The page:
Earl Thatcher. “Hasbrouck, Sullivan Co. N.Y.”
1904. Water color. Signed. 11 ½ x 15 1/4. Some marginal damage to corners. Else, clean and attractive.
Earl Thatcher (1871-1929) grew up in Philadelphia, where his father was a salesman. He exhibited a water color called simply “A Sketch” at both the Pennsylvania Academy of the Fine Arts (PAFA) and the Art Club of Philadelphia in 1892. Thatcher relocated to New York, where he married French-born Madeline Cotté. He reportedly worked as an illustrator for magazines such as Harper’s, once bringing suit on an unknown matter against Progress Magazine Publishing Company in 1908. Living in Brooklyn in 1900, by 1902 Thatcher had relocated his art studio to Scranton, PA, where he was recorded as one of many providers of “incidentals” to the Bureau of Police in 1915. By 1920 the Thatchers had returned permanently to Philadelphia, residing on S. 6th Street (East Washington Square). He is likely the Earl Thatcher who provided a map for University of Pennsylvania professor Morris Jastrow’s 1917 book The War and the Bagdad Railway about the then-current World War. In 1930, PAFA exhibited a work of his titled “Madame T,” perhaps a portrait of the artist’s wife.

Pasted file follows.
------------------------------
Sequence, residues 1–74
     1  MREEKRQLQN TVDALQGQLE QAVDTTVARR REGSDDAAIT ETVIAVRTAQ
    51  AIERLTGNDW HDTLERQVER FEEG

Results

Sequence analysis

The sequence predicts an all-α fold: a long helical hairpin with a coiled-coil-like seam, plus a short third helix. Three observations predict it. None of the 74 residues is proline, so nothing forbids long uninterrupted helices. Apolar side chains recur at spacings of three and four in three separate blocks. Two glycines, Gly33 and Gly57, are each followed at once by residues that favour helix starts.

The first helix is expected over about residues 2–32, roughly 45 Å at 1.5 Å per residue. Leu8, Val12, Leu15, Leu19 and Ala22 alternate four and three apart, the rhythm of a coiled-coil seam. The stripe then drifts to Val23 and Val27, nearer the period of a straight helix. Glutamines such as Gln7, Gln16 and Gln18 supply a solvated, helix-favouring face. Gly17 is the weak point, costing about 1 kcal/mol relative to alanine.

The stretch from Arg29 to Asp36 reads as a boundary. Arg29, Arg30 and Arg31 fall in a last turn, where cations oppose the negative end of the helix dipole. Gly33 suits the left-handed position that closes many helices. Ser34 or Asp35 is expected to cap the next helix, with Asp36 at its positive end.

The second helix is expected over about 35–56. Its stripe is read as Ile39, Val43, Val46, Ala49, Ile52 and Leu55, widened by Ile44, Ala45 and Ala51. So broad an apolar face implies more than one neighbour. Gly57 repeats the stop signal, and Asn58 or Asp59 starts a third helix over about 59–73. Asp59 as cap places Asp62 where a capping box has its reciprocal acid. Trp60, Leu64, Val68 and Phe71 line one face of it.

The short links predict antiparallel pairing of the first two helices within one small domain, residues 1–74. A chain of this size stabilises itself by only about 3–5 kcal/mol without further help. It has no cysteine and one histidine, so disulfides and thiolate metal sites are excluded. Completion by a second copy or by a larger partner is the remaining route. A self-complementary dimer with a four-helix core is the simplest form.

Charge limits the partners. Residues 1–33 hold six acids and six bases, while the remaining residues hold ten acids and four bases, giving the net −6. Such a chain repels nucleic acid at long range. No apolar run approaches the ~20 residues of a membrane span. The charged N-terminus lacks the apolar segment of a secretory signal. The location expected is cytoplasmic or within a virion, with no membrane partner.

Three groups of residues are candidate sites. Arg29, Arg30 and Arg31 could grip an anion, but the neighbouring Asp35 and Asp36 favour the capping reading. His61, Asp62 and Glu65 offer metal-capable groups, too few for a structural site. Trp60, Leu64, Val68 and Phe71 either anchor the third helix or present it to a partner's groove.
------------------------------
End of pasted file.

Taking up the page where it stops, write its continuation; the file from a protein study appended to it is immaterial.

This 1904 genre scene shows a rural family in southeastern New York State’s Sullivan County, not far from Scranton, PA, where the artist was residing at the time.